The San Francisco Examiner is reporting that five teacher librarians in the San Francisco Unified School District have created an online curriculum based on the "Black Lives Matter" movement that surfaced after the grand jury decisions in the Michael Brown and Eric Garner cases.
One of the resource's writers told The Examiner, "We wanted to make sure that teachers had a means to teach what students were talking about with their families, or seeing on the news, or feeling every day."
The materials, which can be viewed online, include grand jury documents, poetry, videos, lesson plans and other readings. There are also links for teachers leading them to far-left publications such as The New York Times, The Atlantic, and Dissent Magazine where they will find directions on how to teach what is called the "#FergusonSyllabus."
Currently, the "Black Lives Matter" guide is the most popular at the district's website garnering 242 views so far. Coming in at a very distant second is the district's lesson on the Bill of Rights, with a paltry 35 views.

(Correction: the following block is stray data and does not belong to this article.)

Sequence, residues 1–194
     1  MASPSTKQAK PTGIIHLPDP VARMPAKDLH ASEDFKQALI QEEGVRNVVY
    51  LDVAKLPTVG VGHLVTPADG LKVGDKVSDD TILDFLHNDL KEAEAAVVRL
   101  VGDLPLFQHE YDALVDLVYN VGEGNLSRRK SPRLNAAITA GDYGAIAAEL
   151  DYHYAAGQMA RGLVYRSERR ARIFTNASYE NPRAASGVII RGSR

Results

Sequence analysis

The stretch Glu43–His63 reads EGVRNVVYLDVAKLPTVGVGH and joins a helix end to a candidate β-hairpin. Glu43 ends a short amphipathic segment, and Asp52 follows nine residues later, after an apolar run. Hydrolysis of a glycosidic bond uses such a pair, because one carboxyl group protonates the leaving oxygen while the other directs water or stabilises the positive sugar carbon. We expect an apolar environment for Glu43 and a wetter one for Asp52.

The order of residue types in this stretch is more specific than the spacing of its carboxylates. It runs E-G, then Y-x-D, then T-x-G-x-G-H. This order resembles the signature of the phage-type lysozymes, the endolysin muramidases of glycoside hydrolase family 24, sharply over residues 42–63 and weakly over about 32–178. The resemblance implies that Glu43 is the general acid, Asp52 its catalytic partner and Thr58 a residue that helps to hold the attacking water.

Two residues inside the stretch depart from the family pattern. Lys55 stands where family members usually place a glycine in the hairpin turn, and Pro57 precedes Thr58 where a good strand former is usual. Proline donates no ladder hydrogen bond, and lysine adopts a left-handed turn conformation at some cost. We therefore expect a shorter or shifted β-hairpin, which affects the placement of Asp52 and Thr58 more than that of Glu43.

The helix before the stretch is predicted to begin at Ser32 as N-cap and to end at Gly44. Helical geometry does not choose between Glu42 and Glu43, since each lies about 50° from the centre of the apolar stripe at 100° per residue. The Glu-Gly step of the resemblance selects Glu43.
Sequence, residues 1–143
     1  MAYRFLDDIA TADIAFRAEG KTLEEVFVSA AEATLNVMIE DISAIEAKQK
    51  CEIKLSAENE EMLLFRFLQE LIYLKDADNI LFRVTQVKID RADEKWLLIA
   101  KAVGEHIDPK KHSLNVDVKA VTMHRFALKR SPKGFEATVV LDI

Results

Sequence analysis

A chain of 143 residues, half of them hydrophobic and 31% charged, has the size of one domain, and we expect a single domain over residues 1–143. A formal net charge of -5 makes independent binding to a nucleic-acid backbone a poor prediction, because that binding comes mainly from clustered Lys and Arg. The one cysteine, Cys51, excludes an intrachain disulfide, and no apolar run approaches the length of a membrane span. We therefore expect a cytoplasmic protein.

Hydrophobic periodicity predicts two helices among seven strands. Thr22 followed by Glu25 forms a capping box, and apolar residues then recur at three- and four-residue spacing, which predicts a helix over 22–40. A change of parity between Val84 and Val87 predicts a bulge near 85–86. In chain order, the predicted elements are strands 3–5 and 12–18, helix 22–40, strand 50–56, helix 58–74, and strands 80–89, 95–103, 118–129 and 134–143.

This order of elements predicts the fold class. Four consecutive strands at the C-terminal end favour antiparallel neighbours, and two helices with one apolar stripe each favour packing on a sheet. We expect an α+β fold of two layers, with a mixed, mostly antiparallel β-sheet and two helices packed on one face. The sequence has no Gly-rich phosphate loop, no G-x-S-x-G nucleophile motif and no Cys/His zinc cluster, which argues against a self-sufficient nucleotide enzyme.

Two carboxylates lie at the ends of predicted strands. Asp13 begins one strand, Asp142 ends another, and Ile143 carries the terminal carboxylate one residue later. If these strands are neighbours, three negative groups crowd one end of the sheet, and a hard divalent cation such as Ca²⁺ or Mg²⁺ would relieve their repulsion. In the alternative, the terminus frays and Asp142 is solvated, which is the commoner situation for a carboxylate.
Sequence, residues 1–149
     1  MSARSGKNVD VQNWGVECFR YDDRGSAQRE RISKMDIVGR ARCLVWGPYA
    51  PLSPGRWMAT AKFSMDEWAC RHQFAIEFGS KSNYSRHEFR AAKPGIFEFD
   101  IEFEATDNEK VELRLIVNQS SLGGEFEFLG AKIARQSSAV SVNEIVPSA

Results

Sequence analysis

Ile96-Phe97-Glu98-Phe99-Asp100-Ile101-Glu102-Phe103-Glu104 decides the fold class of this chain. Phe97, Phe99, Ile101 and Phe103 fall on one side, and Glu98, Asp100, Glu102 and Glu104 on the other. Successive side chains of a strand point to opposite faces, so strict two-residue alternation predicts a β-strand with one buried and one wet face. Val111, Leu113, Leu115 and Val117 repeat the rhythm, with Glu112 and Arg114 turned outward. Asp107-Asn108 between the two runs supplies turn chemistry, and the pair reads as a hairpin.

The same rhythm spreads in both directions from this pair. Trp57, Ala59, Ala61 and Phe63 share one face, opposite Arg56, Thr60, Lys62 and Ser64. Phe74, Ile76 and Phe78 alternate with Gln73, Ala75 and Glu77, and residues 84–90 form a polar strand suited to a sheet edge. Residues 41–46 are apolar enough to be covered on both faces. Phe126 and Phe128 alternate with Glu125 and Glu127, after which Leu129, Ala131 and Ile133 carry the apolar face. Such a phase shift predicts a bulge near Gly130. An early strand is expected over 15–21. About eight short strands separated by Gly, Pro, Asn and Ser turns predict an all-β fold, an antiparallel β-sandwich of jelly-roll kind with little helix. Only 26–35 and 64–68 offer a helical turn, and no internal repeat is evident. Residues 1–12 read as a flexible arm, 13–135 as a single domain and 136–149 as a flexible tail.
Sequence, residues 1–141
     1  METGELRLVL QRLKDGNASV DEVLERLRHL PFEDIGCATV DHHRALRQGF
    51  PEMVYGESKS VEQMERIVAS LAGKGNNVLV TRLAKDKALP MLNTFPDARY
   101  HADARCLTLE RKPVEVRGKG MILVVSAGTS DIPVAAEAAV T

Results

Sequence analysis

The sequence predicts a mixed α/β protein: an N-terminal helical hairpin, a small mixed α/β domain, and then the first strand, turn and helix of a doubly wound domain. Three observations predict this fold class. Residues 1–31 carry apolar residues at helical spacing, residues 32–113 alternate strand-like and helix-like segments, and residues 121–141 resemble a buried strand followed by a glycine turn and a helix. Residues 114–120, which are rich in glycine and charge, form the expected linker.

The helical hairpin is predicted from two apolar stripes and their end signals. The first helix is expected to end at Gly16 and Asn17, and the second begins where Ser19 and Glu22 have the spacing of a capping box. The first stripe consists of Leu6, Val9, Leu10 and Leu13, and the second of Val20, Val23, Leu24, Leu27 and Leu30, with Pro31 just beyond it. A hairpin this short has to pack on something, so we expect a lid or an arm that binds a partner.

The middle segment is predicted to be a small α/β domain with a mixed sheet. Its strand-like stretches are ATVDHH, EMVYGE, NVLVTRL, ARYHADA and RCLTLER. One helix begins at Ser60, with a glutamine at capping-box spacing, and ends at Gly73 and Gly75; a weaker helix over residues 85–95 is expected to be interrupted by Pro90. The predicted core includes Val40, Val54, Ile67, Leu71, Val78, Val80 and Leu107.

Board members are excited by how much interest the Black Lives Matter resource is gaining, saying, "[I]t aligns with the district's greater efforts to promote social justice." In fact, they are hailing their district as one of the few that is making such a curriculum available to the public.
Board member Matt Haney said, "I'm not sure if there are many other school districts that openly talk about social justice and equity as much as ours."
The Examiner notes that nearly 90% of public-school students in the San Francisco system are non-white.